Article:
Rohingya Float at Sea for 25 Days After Thai Navy Allegedly Takes Boat’s Engine

In February 2013, Bharatha Mallawarachi of Associated Press wrote: “Burma boat survivors rescued by Sri Lanka’s navy say they floated for 25 days at sea and 97 people died of starvation after Thailand’s navy intercepted them and forcibly removed their boat’s engine. The Thai navy has denied the allegation. Thirty-two men and a boy now detained at an immigration detention center near Sri Lanka’s capital, Colombo, were rescued when their dilapidated wooden vessel began sinking while making a perilous journey to Malaysia. [Source: Bharatha Mallawarachi, Associated Press, February 23, 2013]

All are Rohingya Muslims. The survivors were suffering from serious dehydration when they were rescued about 250 miles off Sri Lanka’s east coast. The Sri Lanka navy said they were alerted to the sinking vessel by a fisherman. “The journey was dangerous, but we had to do that … as we fear for our lives, no jobs, and big fighting,” one of the survivors, Shofiulla, told AP. Shofiulla, 24, said 130 people were on the boat when the journey to Malaysia started on Jan. 10. Each had paid $465.

After 10 days’ travel, he said the boat reached the Thai border when two boats from the Thai navy intercepted them. Shofiulla said the sailors took their engine. “Then we (had) no food, no rations … no water. We drank only sea water,” he said, adding the bodies of the 97 who died over the next 25 days were put into the sea. Col. Thanathip Sawangsaeng, a Thailand Defense Ministry spokesman, denied the allegations.

“This is absolutely not true. The Thai Navy officers would have not done that,” he said, adding that similar accusations have arisen in the past, including claims that the Thai Navy had abused the refugees. “The Royal Thai Navy commander has previously made it clear that the Thai officers have treated the boat people according to humanitarian principles.” “There are two approaches in handling the Rohingya: giving them food and help before letting them carry on their sea journey or prosecute them for illegal entry. However, it’s not possible that the Thai Navy would have done what they were alleged of doing.” The Thai army said last month that two senior officers had been suspended pending investigations into alleged involvement in trafficking Rohingya people fromBurma into other countries.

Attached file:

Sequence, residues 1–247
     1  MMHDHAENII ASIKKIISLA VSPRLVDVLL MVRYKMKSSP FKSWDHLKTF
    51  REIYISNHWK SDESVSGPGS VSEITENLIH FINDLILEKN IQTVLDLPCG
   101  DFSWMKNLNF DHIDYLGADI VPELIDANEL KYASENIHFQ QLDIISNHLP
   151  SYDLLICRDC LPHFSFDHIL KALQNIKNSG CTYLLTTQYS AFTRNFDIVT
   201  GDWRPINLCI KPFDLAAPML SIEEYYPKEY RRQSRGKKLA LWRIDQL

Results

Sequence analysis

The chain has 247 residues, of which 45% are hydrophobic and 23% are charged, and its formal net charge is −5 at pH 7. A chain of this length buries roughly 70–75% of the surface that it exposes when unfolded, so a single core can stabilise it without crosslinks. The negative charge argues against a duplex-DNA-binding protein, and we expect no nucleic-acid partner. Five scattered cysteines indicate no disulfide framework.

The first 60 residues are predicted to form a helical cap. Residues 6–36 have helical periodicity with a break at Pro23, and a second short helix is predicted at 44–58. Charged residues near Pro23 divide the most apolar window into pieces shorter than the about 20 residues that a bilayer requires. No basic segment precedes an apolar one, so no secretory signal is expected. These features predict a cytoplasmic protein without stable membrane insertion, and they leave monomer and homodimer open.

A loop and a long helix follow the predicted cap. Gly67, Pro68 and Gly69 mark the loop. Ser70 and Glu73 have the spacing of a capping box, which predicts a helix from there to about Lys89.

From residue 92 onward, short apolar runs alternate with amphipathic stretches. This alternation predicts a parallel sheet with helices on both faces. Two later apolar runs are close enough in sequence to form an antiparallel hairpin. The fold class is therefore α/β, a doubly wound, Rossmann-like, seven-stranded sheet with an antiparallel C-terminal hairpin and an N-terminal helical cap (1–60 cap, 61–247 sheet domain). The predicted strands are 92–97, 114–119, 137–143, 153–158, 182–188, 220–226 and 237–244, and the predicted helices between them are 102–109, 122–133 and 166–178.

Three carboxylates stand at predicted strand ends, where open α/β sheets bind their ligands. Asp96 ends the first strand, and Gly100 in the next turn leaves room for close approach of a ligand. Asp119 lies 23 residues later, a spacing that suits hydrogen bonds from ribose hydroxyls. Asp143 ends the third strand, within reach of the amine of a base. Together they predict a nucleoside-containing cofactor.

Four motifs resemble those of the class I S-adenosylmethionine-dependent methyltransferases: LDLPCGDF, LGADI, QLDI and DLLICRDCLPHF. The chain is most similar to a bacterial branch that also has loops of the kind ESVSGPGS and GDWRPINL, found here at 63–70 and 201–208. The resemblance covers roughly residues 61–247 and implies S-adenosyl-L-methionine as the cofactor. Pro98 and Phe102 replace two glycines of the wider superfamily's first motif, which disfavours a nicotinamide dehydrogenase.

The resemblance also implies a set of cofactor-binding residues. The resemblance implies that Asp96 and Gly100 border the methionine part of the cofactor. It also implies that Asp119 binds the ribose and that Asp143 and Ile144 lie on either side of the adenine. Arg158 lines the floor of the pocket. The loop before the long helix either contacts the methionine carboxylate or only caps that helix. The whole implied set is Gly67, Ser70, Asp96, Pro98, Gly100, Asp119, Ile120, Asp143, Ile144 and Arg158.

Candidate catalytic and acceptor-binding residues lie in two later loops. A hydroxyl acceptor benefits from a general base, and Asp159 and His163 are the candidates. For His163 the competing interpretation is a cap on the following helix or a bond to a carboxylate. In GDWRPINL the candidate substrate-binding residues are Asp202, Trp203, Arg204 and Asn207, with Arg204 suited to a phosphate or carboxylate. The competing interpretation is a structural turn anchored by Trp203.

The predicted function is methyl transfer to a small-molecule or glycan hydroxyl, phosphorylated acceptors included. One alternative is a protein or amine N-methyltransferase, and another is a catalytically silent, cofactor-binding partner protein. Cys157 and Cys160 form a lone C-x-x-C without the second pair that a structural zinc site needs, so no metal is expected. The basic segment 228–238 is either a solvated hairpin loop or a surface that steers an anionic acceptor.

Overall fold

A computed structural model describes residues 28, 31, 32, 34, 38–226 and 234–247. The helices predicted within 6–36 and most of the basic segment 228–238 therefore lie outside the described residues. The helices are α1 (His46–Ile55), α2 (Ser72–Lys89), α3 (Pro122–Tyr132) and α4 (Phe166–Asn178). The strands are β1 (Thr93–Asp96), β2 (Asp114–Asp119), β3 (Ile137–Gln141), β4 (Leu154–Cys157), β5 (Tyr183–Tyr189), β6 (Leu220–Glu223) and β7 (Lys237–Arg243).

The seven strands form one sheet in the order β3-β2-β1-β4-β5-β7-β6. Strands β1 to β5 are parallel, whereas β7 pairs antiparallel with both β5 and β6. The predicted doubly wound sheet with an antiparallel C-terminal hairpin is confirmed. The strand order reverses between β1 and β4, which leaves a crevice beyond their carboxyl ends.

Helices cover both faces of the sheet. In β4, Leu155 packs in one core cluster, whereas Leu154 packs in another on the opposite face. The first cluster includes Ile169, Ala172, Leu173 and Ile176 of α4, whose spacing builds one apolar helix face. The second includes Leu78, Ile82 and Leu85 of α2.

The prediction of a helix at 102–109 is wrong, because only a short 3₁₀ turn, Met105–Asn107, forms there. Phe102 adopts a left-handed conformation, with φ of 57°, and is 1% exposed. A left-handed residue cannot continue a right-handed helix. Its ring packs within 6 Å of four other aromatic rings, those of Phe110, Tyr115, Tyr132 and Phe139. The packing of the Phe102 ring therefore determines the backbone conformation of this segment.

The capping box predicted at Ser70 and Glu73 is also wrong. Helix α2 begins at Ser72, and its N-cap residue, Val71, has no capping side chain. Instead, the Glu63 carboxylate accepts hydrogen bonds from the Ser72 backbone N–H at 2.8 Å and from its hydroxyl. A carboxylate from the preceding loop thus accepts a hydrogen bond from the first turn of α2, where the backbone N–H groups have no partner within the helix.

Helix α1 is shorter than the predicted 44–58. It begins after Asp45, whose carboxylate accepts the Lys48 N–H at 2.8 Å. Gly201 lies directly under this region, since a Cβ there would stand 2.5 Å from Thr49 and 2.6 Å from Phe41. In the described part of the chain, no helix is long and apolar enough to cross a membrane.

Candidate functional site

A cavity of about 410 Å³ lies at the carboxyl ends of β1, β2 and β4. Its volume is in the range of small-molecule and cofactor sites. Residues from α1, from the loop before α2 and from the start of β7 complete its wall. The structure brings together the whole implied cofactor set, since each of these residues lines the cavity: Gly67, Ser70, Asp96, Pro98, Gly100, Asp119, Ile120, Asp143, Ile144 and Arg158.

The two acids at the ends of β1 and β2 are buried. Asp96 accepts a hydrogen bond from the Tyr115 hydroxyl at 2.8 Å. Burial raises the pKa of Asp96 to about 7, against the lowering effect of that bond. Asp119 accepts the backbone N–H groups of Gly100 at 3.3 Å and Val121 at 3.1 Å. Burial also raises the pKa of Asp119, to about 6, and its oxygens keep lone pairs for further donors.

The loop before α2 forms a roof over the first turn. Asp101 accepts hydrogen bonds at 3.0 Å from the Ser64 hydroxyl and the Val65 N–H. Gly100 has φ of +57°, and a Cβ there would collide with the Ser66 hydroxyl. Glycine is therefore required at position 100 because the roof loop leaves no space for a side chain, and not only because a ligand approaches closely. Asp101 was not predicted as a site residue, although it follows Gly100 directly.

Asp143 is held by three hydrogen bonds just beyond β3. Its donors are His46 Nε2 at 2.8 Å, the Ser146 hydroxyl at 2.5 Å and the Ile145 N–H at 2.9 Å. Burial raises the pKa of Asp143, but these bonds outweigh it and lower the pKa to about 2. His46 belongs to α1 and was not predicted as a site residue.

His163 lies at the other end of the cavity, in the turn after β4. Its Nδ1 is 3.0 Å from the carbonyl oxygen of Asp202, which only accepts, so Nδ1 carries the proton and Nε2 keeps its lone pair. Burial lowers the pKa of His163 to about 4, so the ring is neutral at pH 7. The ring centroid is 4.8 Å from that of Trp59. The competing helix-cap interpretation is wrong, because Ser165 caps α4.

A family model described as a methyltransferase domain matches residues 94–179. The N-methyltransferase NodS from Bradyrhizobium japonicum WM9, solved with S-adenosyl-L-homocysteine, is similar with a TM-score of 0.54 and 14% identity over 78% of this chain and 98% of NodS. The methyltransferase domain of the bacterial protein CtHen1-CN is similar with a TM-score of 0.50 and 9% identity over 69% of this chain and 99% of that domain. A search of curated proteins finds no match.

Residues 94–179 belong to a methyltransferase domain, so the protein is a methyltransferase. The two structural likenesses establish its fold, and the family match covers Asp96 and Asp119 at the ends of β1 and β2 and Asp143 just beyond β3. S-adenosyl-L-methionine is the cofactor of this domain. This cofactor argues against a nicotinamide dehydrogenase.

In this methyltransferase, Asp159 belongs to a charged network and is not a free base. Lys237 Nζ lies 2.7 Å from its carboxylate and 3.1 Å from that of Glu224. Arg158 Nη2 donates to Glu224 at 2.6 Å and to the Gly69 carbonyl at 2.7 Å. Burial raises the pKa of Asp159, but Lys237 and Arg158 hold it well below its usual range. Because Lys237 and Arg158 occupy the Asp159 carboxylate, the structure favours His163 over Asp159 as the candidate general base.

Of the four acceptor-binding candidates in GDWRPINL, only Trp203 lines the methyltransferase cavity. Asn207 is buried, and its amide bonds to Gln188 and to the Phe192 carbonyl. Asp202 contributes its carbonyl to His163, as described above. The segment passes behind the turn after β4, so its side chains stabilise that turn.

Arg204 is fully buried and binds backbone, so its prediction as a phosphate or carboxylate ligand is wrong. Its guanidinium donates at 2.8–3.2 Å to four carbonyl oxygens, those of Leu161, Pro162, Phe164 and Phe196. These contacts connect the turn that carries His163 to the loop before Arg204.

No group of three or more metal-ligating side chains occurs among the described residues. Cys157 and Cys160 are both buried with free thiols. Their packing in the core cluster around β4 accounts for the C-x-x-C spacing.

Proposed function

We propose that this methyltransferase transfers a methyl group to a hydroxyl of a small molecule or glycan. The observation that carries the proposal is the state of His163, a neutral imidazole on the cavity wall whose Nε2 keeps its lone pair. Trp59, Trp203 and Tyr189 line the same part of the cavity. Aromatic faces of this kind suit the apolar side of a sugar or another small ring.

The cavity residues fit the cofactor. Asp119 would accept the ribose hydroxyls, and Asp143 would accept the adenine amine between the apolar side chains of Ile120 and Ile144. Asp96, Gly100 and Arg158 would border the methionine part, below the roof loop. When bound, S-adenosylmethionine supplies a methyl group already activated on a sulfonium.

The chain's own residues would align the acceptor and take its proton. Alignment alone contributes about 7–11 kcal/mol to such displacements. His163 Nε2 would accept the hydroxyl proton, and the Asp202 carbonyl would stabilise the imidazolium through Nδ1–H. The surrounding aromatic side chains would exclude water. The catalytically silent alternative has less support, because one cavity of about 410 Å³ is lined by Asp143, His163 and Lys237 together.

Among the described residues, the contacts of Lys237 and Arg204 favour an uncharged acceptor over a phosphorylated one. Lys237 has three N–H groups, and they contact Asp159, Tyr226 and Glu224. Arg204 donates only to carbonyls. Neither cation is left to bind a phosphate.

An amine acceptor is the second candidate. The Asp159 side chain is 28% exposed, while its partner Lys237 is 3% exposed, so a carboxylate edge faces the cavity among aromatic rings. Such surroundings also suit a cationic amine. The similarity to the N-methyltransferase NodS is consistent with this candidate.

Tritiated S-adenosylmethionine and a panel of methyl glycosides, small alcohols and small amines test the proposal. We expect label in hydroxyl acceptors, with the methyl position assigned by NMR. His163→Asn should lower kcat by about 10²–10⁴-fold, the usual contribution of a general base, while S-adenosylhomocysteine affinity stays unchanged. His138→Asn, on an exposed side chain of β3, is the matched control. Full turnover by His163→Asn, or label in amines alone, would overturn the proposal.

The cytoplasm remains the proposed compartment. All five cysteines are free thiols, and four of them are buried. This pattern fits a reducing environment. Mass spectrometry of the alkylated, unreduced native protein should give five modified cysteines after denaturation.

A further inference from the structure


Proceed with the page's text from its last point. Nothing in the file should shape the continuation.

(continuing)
Shofiulla said he is a second-year student studying micro-biology, but that his university was closed last July after the fighting erupted. “We can’t go back to our country … our government kills Muslims… we are afraid to go back. We want to go to a safe place,” said Shofiulla, who appeared to be the only English-speaking person in the group. He said they wanted to go to Malaysia to find jobs, following in the footsteps of others from his village. He added 25 people were in the detention center while eight were still in hospital.

Sri Lanka’s Immigration and Emigration Controller Chulananda Perera said his department has informed the Burma embassy, seeking their cooperation in identifying the survivors to begin the process of sending them back but had not received a response.

Image Sources:

Text Sources: “Encyclopedia of World Cultures: East and Southeast Asia”, edited by Paul Hockings (C.K. Hall & Company); New York Times, Washington Post, Los Angeles Times, Times of London, Lonely Planet Guides, The Irrawaddy, Myanmar Travel Information Compton’s Encyclopedia, The Guardian, National Geographic, Smithsonian magazine, The New Yorker, Time, Newsweek, Reuters, AP, AFP, Wall Street Journal, The Atlantic Monthly, The Economist, Global Viewpoint (Christian Science Monitor), Foreign Policy,,, Wikipedia, BBC, CNN, NBC News, Fox News and various books and other publications.

Last updated May 2014